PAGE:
Andrew Bailey, the new CEO of the UK’s Financial Conduct Authority, gave what some might regard as an extraordinary speech at the FCA’s annual public meeting a few days ago. “Extraordinary” for 2 reasons. First, he recognised that, although the organisation is more than 3 years old, it still needs what he described as “a mission“. And second, because, in another attempt to put his predecessor’s “shoot first, and ask questions later” policy behind him, Bailey seemed to suggest that it was time to put “caveat emptor” back into the financial services sector’s armory.
Bailey used the first 3,200 words of his speech to cover old ground; and less than 600 words on the present and future – but that’s where the most interesting stuff seems to lie:
“Establishing and embedding a clear mission for the FCA is … critical to [its] success … the FCA has [statutory] objectives … but they are necessarily very high level … the FCA publishes an annual business plan which provides a map of the main work priorities for the year. But there is a larger piece missing in the middle … It is … not feasible for the FCA to be everywhere … at all times. It has to make choices … to make those choices it needs a clear mission, and this … has to tackle the big and hard questions … The FCA is required to take account of the general principle that consumers should take responsibility for their decisions. This sits alongside other important principles, including establishing a level of care for consumers appropriate to the product risk and consumer capability. How to balance the duty of care towards consumers, the duty of responsibility of consumers for their decisions, the role of firms and the role of the regulator, is an inherently difficult question to which there will be many potential answers. It lies at the heart of the FCA’s mission. So far, I would say it has not been adequately answered …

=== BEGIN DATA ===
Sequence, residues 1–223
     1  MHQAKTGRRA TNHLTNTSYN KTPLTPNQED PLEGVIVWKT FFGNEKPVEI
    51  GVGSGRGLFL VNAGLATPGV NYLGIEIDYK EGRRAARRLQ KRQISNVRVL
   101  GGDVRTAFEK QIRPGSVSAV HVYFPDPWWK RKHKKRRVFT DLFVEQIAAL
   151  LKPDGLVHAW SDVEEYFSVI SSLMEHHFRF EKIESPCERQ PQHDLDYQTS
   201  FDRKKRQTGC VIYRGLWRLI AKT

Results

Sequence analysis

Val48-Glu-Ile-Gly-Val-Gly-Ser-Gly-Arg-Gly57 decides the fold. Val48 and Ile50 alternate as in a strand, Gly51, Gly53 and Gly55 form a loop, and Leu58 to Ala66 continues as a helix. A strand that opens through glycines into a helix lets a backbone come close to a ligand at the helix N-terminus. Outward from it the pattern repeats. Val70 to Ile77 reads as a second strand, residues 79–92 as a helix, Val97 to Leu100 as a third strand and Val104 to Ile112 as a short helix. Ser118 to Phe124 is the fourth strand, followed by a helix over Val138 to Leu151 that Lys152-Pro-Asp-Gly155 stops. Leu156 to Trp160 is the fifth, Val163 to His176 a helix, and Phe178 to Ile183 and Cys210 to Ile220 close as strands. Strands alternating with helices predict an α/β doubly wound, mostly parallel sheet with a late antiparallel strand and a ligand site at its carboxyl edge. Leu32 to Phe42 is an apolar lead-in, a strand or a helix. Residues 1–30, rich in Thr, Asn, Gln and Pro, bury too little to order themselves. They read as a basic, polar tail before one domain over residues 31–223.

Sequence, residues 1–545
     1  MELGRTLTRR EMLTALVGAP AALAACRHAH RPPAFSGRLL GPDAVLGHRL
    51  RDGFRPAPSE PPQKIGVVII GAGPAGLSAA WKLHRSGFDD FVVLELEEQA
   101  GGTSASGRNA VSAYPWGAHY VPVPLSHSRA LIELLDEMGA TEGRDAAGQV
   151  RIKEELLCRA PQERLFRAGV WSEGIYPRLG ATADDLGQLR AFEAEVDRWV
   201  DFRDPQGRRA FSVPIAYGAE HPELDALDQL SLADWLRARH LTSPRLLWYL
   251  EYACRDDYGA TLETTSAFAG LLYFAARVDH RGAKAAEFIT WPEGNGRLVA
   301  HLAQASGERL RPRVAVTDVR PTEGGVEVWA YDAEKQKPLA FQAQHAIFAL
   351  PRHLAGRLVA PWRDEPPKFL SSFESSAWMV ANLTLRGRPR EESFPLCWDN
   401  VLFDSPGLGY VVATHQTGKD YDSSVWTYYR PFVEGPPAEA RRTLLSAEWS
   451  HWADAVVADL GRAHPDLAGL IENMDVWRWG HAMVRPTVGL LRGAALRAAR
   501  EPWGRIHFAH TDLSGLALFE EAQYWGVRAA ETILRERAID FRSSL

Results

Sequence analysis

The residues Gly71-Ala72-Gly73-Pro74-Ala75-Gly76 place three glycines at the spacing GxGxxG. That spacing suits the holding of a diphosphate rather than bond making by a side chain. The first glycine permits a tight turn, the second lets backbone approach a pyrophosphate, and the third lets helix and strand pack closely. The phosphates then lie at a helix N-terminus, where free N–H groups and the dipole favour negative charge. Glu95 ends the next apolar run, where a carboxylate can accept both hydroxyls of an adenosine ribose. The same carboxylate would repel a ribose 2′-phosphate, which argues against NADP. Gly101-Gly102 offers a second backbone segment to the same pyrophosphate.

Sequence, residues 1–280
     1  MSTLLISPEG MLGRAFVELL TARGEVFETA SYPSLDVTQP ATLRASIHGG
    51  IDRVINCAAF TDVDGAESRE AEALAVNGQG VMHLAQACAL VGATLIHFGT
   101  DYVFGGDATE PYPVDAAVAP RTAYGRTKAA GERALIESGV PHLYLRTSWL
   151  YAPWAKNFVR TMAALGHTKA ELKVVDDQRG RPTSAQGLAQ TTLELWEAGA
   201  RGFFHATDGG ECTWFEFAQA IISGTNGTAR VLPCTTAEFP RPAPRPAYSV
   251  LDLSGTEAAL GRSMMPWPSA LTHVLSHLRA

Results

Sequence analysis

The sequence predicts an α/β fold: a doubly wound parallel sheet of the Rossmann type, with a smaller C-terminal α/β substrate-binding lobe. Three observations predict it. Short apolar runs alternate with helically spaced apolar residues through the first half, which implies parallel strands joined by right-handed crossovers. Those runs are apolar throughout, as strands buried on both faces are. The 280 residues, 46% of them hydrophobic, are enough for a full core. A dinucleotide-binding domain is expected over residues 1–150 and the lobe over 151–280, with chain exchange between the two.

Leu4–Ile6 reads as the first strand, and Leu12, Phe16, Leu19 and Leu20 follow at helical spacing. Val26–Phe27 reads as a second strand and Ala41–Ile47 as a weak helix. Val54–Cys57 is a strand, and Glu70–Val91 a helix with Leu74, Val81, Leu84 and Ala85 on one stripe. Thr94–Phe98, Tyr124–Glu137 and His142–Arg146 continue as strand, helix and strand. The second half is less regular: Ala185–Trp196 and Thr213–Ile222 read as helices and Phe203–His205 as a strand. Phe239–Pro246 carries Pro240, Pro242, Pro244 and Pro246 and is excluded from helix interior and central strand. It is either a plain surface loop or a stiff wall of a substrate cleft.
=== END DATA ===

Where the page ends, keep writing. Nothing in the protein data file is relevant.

Work has begun [on] a proposal on the FCA’s mission which I hope we will … publish in the early autumn … I recognise that there will … be sharply contrasting views on these issues, but it seems to me that the success of the FCA depends on being able to establish its mission and thus a basis for public accountability …”
The FCA has often been criticised for being too consumer friendly. One journalist argued that the FCA had tried to educate consumers (“if you want to keep warm, put your coat, hat and scarf on!“) and when that failed, it tried to stop the weather getting cold, to protect consumers from the consequences of their decisions. Another argued that consumers seemed to receive more safety information when they bought basic bank accounts and simple insurance policies, than when they bought chain saws and industrial pesticides. Clearly, each exaggerated for effect – but that doesn’t necessarily mean they were wrong. Here and elsewhere, Bailey also seems to suggest that the FCA has sometimes gone too far, and that it’s time to adjust the balance. If that is what he has in mind, #Brexit might help. Although some of the most often criticised consumer protection policies started life in Canary Wharf, some were conceived in Brussels, and could only be addressed or adjusted if the FCA’s hands were untied by releasing the UK from its obligations under relevant EU laws.